Rachel Grossinger Discusses The Tomboy Shop And Gendered Clothing

04/13/2015 01:54 pm ET | Updated Feb 02, 2016

The Tomboy Shop is an NYC-based online boutique and social community for individuals who identify as "tomboy" all across the globe.

Owned by Rachel Grossinger, The Tomboy Shop describes its customer as "a girl or woman who dresses and sometimes behaves stereotypically as a boy or man, whose fashion sense may be obscure, indistinguishable, and androgynous." In a age where queer bodies and lifestyles are receiving mainstream visibility, fashion is creating new spaces for non-binary ways of being in the world. The Tomboy Shop aims to be a part of this movement.

The Huffington Post chatted with Grossinger this week about The Tomboy Shop.


The Huffington Post: Why did you decide The Tomboy Shop was necessary?
Rachel Grossinger: About a year and a half ago, I realized there was a gap in the marketplace for this type of clothing for people like me -- tomboys. I began by wondering why I always need to scour multiple retail stores to find just one piece of clothing that suits my tomboy style. Around the same time, I noticed that androgynous fashion was catching on and becoming more mainstream. So I did my research, and decided it was worth a try to curate a shop and build a community space for others who felt the same way as I did.

I was also inspired by my childhood. During elementary school recess, rather than chatting with the girls, I always played football or basketball with the boys, getting dirty and bruised. I also got bullied for being different, for having a buzz-cut haircut. I was even mistaken for a boy at times and called names. So in certain ways this venture has been about re-defining the term "tomboy." I think it's essentially about personal identity, and I think it's necessary and healthy for all of us not to be afraid of expressing who we are as individuals.


Why is it important to have clothing like this available?
On a number of levels, I think it's important to have clothing like this available. I know many women like myself -- straight, gay, bi, you name it -- who'd like an easier and more efficient shopping experience. Women who'd like to be able to find everything they want in one place, a one-stop-shop, who'd like something available other than the mainstream retail experience. These are women who want to be inspired and want a community, who want more choices. That's us, and that's why we're doing this.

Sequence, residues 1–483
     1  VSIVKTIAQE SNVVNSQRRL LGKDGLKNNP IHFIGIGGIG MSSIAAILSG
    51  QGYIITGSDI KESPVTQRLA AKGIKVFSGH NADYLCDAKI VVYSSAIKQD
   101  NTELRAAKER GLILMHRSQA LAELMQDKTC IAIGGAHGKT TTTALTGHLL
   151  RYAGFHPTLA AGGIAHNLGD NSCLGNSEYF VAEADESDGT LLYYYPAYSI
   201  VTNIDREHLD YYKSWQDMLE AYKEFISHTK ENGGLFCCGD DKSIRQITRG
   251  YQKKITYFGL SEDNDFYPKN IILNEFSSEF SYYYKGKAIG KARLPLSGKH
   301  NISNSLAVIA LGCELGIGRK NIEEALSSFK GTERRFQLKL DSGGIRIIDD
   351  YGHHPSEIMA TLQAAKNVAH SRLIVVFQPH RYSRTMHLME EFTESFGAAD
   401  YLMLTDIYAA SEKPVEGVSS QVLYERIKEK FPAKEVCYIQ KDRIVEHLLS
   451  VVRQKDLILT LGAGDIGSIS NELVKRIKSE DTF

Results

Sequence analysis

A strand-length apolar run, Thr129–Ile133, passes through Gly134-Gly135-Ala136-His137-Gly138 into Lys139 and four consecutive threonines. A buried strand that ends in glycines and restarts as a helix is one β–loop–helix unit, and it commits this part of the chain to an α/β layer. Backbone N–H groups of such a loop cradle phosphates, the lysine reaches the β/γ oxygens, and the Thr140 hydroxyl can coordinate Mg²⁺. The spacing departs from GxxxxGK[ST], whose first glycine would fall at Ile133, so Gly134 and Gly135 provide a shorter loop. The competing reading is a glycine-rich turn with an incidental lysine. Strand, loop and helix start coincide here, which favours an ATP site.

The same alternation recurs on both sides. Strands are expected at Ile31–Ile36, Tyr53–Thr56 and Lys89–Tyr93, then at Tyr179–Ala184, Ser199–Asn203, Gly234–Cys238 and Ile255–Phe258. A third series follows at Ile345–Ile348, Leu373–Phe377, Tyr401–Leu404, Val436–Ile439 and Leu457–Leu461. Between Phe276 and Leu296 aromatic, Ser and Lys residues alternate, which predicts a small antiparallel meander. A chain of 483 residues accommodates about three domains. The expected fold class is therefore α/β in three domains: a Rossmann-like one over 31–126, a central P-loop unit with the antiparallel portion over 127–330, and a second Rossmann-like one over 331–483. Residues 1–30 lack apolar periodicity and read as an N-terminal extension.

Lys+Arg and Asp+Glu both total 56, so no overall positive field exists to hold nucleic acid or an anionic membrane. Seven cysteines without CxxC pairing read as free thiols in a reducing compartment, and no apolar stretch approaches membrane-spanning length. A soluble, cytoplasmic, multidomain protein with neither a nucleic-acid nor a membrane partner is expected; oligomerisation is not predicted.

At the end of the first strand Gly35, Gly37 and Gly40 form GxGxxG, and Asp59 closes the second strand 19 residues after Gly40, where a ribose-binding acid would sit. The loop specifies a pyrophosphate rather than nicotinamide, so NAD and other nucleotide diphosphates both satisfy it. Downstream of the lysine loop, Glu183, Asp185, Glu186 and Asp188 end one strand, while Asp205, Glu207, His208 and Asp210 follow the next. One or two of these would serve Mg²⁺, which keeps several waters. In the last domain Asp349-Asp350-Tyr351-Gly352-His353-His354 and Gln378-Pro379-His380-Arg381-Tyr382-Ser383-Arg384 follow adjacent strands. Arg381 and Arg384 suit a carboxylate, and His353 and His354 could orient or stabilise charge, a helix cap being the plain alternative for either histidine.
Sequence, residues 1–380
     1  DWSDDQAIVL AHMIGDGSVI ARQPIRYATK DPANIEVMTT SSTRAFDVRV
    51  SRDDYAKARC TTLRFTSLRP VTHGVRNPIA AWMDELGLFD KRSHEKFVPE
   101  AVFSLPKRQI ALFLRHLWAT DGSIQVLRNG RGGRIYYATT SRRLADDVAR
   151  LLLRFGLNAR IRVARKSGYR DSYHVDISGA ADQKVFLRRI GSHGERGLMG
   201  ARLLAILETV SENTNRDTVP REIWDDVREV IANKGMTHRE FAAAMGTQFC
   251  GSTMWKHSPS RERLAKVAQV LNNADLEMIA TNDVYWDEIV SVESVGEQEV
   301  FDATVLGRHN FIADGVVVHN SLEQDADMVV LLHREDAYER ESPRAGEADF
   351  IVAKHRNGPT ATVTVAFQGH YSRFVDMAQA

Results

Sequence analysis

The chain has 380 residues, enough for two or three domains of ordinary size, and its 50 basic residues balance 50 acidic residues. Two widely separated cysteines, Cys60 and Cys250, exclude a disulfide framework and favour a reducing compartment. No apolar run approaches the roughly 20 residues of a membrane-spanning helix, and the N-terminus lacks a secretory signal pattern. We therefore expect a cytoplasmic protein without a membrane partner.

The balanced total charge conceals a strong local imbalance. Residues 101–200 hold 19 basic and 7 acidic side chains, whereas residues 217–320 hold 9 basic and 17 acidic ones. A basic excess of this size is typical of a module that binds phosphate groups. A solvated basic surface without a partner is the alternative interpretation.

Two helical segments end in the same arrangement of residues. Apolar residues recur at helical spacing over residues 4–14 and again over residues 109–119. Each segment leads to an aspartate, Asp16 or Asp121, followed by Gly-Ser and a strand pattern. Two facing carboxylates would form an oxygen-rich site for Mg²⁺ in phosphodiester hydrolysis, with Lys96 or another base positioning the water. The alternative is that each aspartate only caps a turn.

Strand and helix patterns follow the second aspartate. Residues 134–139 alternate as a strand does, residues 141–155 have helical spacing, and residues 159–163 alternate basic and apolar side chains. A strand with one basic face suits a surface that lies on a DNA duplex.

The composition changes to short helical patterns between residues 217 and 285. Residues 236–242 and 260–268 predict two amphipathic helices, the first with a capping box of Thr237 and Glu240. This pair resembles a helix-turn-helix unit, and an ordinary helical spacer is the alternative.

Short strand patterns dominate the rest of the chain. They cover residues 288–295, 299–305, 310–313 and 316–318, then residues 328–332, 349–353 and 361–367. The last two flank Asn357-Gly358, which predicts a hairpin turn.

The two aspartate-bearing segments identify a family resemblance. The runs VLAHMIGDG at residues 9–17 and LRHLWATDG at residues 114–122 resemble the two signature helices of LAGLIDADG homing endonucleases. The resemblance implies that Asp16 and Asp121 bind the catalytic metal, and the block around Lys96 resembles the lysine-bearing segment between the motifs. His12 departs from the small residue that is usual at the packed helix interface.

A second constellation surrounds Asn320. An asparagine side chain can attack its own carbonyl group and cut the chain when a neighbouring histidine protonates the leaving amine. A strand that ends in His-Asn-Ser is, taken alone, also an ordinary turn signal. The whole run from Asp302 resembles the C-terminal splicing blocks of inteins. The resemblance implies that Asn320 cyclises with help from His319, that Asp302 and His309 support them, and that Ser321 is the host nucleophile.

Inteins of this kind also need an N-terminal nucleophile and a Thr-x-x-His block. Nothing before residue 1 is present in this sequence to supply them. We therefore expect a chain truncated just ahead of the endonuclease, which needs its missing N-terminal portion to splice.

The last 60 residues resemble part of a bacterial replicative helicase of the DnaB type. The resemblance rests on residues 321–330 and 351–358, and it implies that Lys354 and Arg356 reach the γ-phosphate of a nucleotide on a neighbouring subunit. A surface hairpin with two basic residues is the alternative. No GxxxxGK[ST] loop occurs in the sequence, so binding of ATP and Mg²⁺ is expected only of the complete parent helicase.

Who does The Tomboy Shop design for?
We are actually a retailer, as opposed to a design company. In the future, I hope we can design a variety of custom items ourselves, but that is not on the drawing board at the moment. Currently we work with a group of incredibly talented designers. They are all up-and-coming and have a loyal following. I'm picky about who we carry, because the products must speak to our customers' desires. The clothes must be of a certain quality, and they must fit correctly. Most importantly, the clothes must have an urban flair, a street wear sensibility that's almost hard to describe.


Do you think that fashion is becoming more open towards fluid gender expression?
I absolutely do. And it's interesting that you ask that, since it's a topic we spend time discussing in our blog. Gender expression is a subject to seriously consider and think about, because it is manifest nearly everywhere in contemporary American society. And I'm glad to be involved in it while it evolves and blossoms. Today's world is changing rapidly on a number of interconnected fronts. While there is still growth and progress to be realized in many ways, consider how our society viewed gender differences and gender expression less than a decade ago. It's something to feel good about, despite the challenges ahead. Generally speaking, though, people seem to be finding it less arduous to express openly who they are.

I remember my mom telling me about how she was a tomboy growing up. But they didn't even have sports teams -- other than perhaps swimming or tennis, if that -- for girls a generation ago. Today, more people are seeking to own their unique selves in every way, from fashion to social and personal relationships, to physical activities. It strikes me as both progressive and beautiful to see people owning the grayer areas of gender identity.

Head here to check out more from The Tomboy Shop.

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